WASHINGTON C. WINN Jr., M.D.; FREDERICK L. GLAVIN, M.D.; DANIEL P. PERL, M.D.; JOHN E. CRAIGHEAD, M.D.
We used the whole lung section technique to review the macroscopic pathology in 12 patients who died with Legionnaires' disease. None of these patients had been treated with erythromycin. Consolidation was evenly distributed throughout all lobes without a consistent segmental distribution. The smallest lesions were around bronchioles or bounded by lobular septa. In most cases there was confluent involvement of multiple lobules. Extensive consolidation made distinction between a lobar and confluent lobular distribution difficult. Abscesses were present in two cases and nodular infiltrates in two others. In five additional patients, Legionnaires' disease had been treated with erythromycin. Four had a clinical response to treatment, and the fifth had diffuse staphylococcal pneumonia as the predominant lesion. Because the lungs of all five patients contained bacteria other than the Legionnaires' disease bacterium at the time of autopsy, it was difficult to ascertain the role of Legionnaires' disease bacterium in the pathology.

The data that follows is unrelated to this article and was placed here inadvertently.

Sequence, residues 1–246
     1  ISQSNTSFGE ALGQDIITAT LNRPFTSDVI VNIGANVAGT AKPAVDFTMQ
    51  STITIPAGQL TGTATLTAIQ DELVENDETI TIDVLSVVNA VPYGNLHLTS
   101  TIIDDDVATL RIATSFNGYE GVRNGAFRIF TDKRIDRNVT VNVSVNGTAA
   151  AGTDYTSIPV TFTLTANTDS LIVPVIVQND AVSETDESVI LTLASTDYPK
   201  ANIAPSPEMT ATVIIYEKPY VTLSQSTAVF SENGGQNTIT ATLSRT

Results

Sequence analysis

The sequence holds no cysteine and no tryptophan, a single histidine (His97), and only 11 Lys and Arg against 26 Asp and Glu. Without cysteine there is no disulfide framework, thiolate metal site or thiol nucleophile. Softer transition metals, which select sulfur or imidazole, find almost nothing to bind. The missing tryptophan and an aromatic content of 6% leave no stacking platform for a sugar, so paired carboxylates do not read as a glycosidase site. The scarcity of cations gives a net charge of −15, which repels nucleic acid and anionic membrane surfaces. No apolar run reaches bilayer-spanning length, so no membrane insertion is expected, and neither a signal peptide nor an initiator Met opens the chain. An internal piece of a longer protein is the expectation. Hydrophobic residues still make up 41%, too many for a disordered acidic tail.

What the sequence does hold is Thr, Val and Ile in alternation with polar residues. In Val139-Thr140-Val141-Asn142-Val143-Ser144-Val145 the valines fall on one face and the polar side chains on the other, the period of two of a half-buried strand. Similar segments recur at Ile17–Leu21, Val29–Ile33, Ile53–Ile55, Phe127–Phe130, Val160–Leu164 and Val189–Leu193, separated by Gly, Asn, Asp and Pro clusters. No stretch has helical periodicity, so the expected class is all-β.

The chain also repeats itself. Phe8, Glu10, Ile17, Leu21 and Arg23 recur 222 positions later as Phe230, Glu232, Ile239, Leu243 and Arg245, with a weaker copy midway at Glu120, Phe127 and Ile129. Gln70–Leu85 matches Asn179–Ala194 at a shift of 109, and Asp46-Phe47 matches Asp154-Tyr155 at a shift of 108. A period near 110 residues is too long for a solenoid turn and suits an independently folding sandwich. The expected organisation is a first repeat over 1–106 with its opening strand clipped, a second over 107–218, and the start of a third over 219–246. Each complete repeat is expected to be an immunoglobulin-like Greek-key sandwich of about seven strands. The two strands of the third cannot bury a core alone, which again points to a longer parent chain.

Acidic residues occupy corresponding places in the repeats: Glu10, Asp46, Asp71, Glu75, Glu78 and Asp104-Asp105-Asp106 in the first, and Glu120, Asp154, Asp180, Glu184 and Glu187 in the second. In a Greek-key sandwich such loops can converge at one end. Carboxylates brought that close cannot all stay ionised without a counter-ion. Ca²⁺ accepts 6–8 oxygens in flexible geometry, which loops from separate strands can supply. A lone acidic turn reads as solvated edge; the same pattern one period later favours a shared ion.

WINN WC, GLAVIN FL, PERL DP, et al. Macroscopic Pathology of the Lungs in Legionnaires' Disease. Ann Intern Med. 1979;90:548–551. doi: https://doi.org/10.7326/0003-4819-90-4-548
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Published: Ann Intern Med. 1979;90(4):548-551.
Infectious Disease, Pulmonary/Critical Care.
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